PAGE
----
Inflammatory Bowel Disease (IBD) is a chronic condition common in children. It has been estimated that almost 25% of all cases of IBD occur in children. Two types of IBD are Ulcerative colitis and Crohn's disease. Both types of IBD have specific characteristics and have different treatment regimens. However, when the clinical features fail to distinguish between the two types, the condition is termed indeterminate colitis. IBD is characterized by inflammation and swelling in the lower part of the gastrointestinal tract i.e. the colon and rectum. Pediatric IBD is a complex condition and the incidence of IBD in the pediatric population is on the rise. Extraintestinal symptoms of IBD occur in approximately 25-35% of the patients. However, in children, the extraintestinal symptoms may occur much before the gastrointestinal symptoms while in adults these symptoms occur simultaneously with gastrointestinal symptoms.
The pediatric inflammatory bowel disease program is a specialized program for children suffering from IBD. The program offers comprehensive diagnosis and management of IBD including ulcerative colitis and Crohn’s disease along with other intestinal disorders. Hospitals with large infrastructure have a multidisciplinary approach and a team of specialists including gastroenterologists, urologists, pediatricians, and nutritionists provide excellent care to the patients. Along with medications and surgical interventions, diet care, stress management, and lifestyle changes are also advised under the Pediatric inflammatory bowel disease program.
The symptoms of IBD depend upon the type developed in children.
General symptoms of IBD are:
Blood in stools
Iron deficiency anemia because of blood loss
The urgency for a bowel movement
Inflammation in skin, joints, and eyes
Factors that exacerbate or increases the risk of developing IBD are:
Family History: The risk of developing IBD increases when the close relative of the person such as parents or child suffers from IBD.
Age: Generally, IBD is diagnosed in people under the age of 30 years. However, it may also be diagnosed after 50 years.
Ethnicity: White people have a high risk of developing this condition.
Smoking: People who smoke are at increased risk of developing and exacerbating IBD.
Habitat: Environmental factors such as smoke or pollution also increases the risk of IBD.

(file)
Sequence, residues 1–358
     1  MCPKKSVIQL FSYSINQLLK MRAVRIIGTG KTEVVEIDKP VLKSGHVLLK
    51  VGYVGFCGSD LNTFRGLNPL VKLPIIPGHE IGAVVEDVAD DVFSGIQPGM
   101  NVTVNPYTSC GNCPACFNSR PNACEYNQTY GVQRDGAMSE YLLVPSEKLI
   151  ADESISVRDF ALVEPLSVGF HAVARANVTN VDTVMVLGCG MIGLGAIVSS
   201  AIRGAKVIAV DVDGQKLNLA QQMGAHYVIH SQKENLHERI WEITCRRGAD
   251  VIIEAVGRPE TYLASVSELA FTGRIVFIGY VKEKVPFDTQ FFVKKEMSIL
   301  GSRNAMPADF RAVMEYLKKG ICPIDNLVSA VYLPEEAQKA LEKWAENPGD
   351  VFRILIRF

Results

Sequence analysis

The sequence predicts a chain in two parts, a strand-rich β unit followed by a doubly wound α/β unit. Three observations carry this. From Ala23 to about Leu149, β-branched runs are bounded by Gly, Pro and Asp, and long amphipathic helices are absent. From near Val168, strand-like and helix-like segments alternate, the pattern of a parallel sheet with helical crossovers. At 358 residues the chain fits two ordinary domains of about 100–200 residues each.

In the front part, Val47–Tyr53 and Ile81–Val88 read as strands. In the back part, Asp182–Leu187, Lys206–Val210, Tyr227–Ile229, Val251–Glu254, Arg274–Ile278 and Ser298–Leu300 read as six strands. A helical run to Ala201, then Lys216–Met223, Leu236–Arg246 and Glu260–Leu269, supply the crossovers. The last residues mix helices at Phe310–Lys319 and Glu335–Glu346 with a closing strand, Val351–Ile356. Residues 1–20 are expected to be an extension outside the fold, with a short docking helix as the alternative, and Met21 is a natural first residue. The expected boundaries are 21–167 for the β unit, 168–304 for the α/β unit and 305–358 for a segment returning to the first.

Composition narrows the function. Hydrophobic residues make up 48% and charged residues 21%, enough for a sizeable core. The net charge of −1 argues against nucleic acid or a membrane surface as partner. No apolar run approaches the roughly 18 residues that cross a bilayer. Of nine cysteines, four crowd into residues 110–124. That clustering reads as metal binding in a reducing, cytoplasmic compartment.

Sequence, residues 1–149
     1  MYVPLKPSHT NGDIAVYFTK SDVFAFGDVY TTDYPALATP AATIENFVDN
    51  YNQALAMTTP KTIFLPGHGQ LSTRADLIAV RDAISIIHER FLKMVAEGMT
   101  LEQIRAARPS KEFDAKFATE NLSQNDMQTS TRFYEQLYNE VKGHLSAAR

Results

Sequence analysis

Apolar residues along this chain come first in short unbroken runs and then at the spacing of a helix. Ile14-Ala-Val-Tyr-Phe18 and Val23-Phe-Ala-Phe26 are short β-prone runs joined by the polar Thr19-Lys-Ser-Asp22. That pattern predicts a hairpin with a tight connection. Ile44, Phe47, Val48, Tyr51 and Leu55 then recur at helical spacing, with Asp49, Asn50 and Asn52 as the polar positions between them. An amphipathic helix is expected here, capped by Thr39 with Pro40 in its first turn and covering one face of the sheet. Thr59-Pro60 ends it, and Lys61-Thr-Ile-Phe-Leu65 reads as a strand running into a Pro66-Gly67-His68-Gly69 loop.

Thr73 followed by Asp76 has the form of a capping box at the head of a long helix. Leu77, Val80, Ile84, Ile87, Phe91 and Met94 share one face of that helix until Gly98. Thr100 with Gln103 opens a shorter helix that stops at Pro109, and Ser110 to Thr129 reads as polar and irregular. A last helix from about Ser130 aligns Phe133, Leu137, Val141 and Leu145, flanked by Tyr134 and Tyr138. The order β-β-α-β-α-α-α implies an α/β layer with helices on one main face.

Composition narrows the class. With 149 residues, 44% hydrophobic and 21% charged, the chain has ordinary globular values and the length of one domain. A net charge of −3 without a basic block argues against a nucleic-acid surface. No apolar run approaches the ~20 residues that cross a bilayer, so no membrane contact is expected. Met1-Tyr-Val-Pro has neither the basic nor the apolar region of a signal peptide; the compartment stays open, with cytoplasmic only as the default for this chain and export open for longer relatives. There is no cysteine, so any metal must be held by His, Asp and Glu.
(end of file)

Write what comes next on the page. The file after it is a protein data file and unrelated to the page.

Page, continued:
Prolonged use of Anti-inflammatory medications: NSAIDs drugs increase the risk of developing IBD and worsens the symptoms of this condition.
The two types of IBD are Crohn’s disease and Ulcerative colitis. It is important to diagnose the type of IBD because both have different medical intervention strategies.
|Characteristics||Crohn’s Disease||Ulcerative Colitis|
|Affected site||May affect any part of GIT||Affects the colon in most cases|
|Fever and malaise||Common||Uncommon|
|Colon cancer risk||Slightly increased||Significantly increased|
The diagnosis of the IBD is done through the following diagnostic techniques:
Physical Examination: Comprehensive physical evaluation is done by the pediatric gastroenterologists in patients who are presented with the symptoms of IBD such as abdominal pain, fever, and diarrhea. The doctor may advise further tests to confirm the diagnosis of IBD.
Blood tests: Blood tests help in providing important clues related to inflammatory bowel disease. Anemia and the presence of infection are determined through blood tests.
Stool test: The stool test is done to identify the presence of blood in stools.
Endoscopic procedures: Various endoscopic procedures are done to determine the presence, extent, and severity of the disease. Various endoscopic procedures done are colonoscopy, upper endoscopy, flexible sigmoidoscopy, balloon-assisted endoscopy, and capsule endoscopy.
Imaging tests: Imaging tests such as X-ray, MRI, and CT scans are also performed to diagnose IBD.
The treatment for IBD depends upon the type of condition, i.e. whether ulcerative colitis or Crohn's disease. The treatment aims to prolong the period of remission and prevent the occurrence of inflammation and pain. Following are some of the treatment options for IBD:
Medications: Various medications are prescribed for IBD. Corticosteroids and other anti-inflammatory drugs are administered for reducing inflammation. Immunosuppressants are prescribed to keep the immune system under check. Other medications include antibiotics, pain relievers, and vitamins, and mineral supplements.
Nutrition: Nutritional support is provided to the patient suffering from IBD. This may include specialized diet protocols such as Crohn's Disease Exclusion Diet (CDED) and Exclusive Enteral Nutrition (EEN), which do not irritate the GIT and enteral tube feeding or parenteral nutrition.
Surgery: As ulcerative colitis is generally specific to the colon, removing the colon and rectum (proctocolectomy) may cure this condition. However, Crohn’s disease, although requiring surgery, cannot be cured. The surgery in Crohn’s disease only offers temporary relief.
Consultant - Paediatric Gastroenterology and Hepatology
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